China’s state-controlled news outlets appear to be among the highest ranked accounts on Twitter and Facebook. CGTN has 13.6 million Twitter followers and 116 million on Facebook. Global Times has 1.8 million on Twitter and 62 million on Facebook. Xinhua, a state news agency, has 12.4 million on Twitter and 89 million on Facebook. Obscure diplomats have quickly built followings to rival Hollywood celebrities.
Can there really be such an audience for stultifying propaganda? Perhaps, but there are many dark social media arts, which China has quickly learned. The figures are almost certainly false, inflated by automated programs (bots) that generate fake followers and fake likes. The idea is to give the pages more credibility and reach, and thereby pull in legitimate users. Bogus or hijacked accounts are used as ‘amplifiers’ to push posts and tweets and get them trending.
There used to be a distinction between Russian and Chinese activities in cyberspace. While China concentrated on cyber-espionage, plundering secrets from Western corporate and government systems, the Russians were the vandals. They launched destructive cyberattacks while engaging in disinformation and hack-and-leak operations, tactics with their roots in the Cold War heyday of ‘active measures’. Their aim was to sow division, doubt and distrust, spotting and exploiting cracks to weaken the target. Those aims have not changed.
Now Russian and Chinese tactics are converging. Both use social media to peddle disinformation and toxic content, amplifying fringe media, obscure ‘experts’ and conspiracy theorists.
The aim of both is not only to obscure facts but to disorient and depress: when Zhao Lijian pumped out tweets after the Manhattan attack, the content was carefully chosen. The posts he shared were not the angriest, but they were full of despair: ‘What the hell is wrong with people?’, ‘This is incredibly difficult to watch’, ‘Oh my God, what is happening to this country?’ ‘This is a state of emergency.’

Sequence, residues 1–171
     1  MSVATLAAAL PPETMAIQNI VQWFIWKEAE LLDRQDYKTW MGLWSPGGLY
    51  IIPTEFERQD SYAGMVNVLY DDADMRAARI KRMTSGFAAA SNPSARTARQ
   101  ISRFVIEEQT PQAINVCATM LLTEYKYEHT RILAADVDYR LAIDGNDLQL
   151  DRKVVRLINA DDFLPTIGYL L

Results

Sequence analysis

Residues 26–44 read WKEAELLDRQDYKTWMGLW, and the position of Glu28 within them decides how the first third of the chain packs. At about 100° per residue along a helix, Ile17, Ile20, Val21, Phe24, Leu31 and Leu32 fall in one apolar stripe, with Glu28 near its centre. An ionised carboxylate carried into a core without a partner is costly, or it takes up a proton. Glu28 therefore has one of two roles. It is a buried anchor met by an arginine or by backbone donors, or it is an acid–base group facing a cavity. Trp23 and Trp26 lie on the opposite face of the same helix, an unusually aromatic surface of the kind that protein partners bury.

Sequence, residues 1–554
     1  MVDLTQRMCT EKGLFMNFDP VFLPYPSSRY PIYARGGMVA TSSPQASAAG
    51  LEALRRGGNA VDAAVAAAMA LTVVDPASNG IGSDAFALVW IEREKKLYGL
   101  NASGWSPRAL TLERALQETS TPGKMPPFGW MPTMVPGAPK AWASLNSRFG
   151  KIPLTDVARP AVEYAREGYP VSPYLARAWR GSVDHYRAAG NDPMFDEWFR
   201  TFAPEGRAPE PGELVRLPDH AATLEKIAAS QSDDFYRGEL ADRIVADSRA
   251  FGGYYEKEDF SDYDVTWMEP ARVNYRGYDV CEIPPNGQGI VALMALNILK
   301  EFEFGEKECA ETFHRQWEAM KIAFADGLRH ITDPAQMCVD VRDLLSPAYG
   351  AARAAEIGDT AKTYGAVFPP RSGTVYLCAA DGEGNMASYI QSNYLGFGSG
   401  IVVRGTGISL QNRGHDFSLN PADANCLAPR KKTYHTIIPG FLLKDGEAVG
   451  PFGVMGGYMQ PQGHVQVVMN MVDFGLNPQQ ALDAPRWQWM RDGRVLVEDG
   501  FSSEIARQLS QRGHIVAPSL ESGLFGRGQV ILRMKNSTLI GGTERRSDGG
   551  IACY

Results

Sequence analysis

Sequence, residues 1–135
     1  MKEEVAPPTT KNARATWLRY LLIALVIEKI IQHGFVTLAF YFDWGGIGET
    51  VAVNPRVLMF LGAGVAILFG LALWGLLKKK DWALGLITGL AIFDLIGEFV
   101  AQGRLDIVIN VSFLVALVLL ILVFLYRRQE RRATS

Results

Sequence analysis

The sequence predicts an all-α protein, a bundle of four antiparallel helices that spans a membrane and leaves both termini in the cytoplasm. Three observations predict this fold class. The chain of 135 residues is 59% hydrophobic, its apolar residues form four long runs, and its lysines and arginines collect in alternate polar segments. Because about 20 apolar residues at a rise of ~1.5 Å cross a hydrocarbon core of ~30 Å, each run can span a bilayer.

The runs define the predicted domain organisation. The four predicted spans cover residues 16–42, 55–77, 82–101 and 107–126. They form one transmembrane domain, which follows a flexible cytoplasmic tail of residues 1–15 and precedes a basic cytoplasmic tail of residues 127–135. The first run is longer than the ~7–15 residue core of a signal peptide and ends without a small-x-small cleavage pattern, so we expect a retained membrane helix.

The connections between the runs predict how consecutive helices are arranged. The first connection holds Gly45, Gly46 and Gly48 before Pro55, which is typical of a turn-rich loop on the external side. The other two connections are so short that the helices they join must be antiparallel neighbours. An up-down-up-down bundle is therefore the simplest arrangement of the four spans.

And China has a wider policy goal — framing hate crime as a consequence of the US government’s more assertive recent stance against Beijing. ‘Experts say [hate crime] results from US politicians’ smearing of China as culprit of COVID-19. Worsening bilateral ties play part in discrimination surge,’ Global Times said in a recent tweet, without naming the ‘experts’.
The Communist party also has formidable weapons in the form of TikTok and WeChat.
The TikTok app, popular among 16- to 24-year-olds, is owned by the Chinese company ByteDance. TikTok is a platform for catchy short videos, with an estimated 100 million users in the US. It has been criticized for its zealous collection of personal data and intrusions on the data security of users, and recently agreed to pay $92 million to settle a class-action lawsuit alleging it illegally tracked users and shared biometric data from photos and videos. The data, which included face scans, was allegedly shared with third parties, some in China. The company denies any wrongdoing.
More invidious is TikTok’s opaque algorithm that determines what a user sees. On Twitter and Facebook, users are mostly served content from accounts they subscribe to. On TikTok the videos can come from anywhere, and the app takes account of a range of information. This includes the type of videos you look at, the duration, your likes, comments and sharing, as well as user data such as age, gender and location. The precise recipe is unknown, since it has been designated a state secret. Last year, when it looked like ByteDance might be forced to sell its US operations, the Chinese government imposed export controls on the algorithm. While the company does employ engineers in the US, control is firmly in the hands of secretive China-based teams, which have been experimenting with advanced inputs including facial and voice recognition and sentiment analysis. In China the com- pany deploys this tech to censor content and promote CCP propaganda. It claims it does not censor in the US, but all Chinese companies must by law cooperate with the Communist party on ‘national security’, a very elastic concept. While the US algorithm might not be massaged as blatantly as in China, there is ample room for subtle manipulation.